an essentially band-limited noise process is the solution of the corresponding

stochastic diﬀerential equations in the sense of Stratonovich.34 Therefore the

stochastic Stratonovich equation mentioned above has a Hadamard deterministic

32 Gisin

(1984).

33 Comparefor example Picci (1988).

34 Wong & Zakai (1965a), Wong & Zakai (1965b).

13

dilation to a Hamiltonian equation of motion for the deterministic trajectories

of the the stochastic process t → Φ(t).

Of course, the sketched construction of a deterministic representation of a quan-

tum measurement process is quite ad hoc and implies nothing about an ontic

interpretation. The salient point is to show that the strict statistical regularities

of a quantum measuring process can be understood in terms of a hidden deter-

minism. Note that the various theorems which show that in quantum theory

it is impossible to introduce hidden variables only say that it is impossible to

embed quantum theory into a deterministic Boolean theory.

strictly deterministic but refer to a non-Boolean logical structure. The epis-

temically irreducible probabilistic structure of quantum theory is due to the

fact that every communication in terms of an unequivocal language requires a

Boolean domain of discourse. The nonpredictable outcome of a quantum exper-

iment is related to the projection of the non-Boolean lattice of the deterministic

ontic description to the Boolean algebra of the epistemic description of a par-

ticular experiment. The associated epistemic quantum-theoretical probabilities

cannot be attributed to the object system; they are conditional probabilities for

state transitions induced by the interaction of the object system with a classical

measuring apparatus. The epistemic probabilities depend on the experimental

arrangement, but for a ﬁxed context they are objective since the underlying

ontic structure is deterministic.

Explain Free Will

Since the Hadamard determinism of classical mechanics and the freedom of

actions collide, some physicists and many philosophers ﬁnd delight in the belief

that the so-called “uncertainty principle” of quantum mechanics can solve the

problem of freedom.35 For instance, the neurophysiologist John Eccles argued

that in addition to the material world there is a nonmaterial and nonsubstantial

mental world. He speculated that our mind acts on the brain at the quantum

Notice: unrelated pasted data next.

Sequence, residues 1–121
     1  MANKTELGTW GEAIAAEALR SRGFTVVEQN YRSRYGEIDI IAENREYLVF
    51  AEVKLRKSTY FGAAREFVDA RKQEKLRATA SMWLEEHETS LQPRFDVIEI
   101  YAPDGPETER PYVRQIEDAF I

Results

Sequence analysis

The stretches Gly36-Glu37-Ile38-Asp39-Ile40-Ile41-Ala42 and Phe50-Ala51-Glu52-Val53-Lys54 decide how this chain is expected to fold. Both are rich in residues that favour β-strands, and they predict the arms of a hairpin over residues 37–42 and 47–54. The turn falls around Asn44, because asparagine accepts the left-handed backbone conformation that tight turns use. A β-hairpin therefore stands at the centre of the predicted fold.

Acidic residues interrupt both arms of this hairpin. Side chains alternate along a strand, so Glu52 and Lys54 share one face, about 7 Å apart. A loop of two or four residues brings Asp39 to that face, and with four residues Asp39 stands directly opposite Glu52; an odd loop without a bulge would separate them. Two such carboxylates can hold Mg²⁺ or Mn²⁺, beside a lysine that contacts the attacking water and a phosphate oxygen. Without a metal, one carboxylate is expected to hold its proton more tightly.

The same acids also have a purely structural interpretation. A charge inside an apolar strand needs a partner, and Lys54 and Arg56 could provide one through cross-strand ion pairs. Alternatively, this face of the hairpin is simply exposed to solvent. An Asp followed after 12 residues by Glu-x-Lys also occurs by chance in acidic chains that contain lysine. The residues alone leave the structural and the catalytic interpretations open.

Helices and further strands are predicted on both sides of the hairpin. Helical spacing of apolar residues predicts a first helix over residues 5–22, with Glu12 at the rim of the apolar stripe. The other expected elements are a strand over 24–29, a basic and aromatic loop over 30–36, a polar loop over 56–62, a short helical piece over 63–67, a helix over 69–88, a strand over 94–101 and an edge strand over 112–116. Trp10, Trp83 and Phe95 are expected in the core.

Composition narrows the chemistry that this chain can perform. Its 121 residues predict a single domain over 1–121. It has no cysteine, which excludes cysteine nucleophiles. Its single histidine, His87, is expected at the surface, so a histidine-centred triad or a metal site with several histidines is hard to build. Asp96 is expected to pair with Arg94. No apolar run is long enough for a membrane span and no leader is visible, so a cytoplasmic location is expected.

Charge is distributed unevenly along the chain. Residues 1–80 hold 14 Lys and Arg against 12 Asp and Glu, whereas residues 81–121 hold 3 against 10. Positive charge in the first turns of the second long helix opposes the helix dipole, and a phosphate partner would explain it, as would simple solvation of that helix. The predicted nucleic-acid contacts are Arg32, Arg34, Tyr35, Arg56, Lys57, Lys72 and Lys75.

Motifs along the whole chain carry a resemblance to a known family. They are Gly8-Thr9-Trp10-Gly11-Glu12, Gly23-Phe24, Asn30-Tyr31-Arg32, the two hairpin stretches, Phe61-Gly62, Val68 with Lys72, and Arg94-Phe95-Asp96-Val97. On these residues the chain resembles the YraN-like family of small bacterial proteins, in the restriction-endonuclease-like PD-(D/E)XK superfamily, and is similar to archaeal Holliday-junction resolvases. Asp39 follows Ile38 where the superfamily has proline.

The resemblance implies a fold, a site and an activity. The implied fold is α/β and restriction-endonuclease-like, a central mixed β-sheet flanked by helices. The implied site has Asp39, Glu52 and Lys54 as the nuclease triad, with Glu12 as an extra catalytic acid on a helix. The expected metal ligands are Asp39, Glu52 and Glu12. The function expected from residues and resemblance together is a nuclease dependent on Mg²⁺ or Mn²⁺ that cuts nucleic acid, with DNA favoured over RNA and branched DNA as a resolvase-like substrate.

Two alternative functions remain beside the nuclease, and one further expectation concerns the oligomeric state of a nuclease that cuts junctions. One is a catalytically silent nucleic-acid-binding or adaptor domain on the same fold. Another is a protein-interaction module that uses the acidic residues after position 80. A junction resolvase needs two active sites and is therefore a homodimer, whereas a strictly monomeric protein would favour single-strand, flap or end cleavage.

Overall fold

level by momentarily increasing the probability of exocytosis in selected cortical

areas and thereby controlling “quantum jumps”, turning them into voluntary

excitations of the neurons that account for body motion.36

The main idea of all such fantasies seems to be that in quantum theory

there are gaps in the causal chain which allow the accommodation of free will

and corresponding action. Yet, quantum events are governed by the strict math-

ematical laws of Kolmogorov’s probability theory which lead to the empirically

reproducible statistical rules of statistical physics. Consequently, quantum ran-

domness is just a weak generalization of determinism.37 Human actions are,

however, in general not reproducible, hence not subject to the mathematical

35 Compare for example Jordan (1932); Jordan (1934); Jordan (1956), pp.114ﬀ.; Marge-

36 Beck & Eccles (1992); Eccles (1994).

37 Similarly, Wolfgang Pauli has stressed that “quantum mechanics is a very weak general-

14

laws of probability theory.38 Freedom of action requires a violation of the sta-

tistical predictions of quantum theory. Hence present-day quantum theory is

neither in a position to explain the autonomy of the psyche nor the existence of

free will.

in the Same Direction?

The presupposed possibility of breaking the time-reversal symmetry and deﬁn-

ing the arrow of time locally is not yet suﬃcient to understand the seemingly

global character of the direction of time. Why should the arrow of time in two

noninteracting physical systems point to the same direction? Classical causal-

ity is local and cannot explain the universality of the direction of the arrow of

time. In quantum physics the omnipresence of Einstein–Podolsky–Rosen cor-

relations even between noninteracting subsystems implies a global character of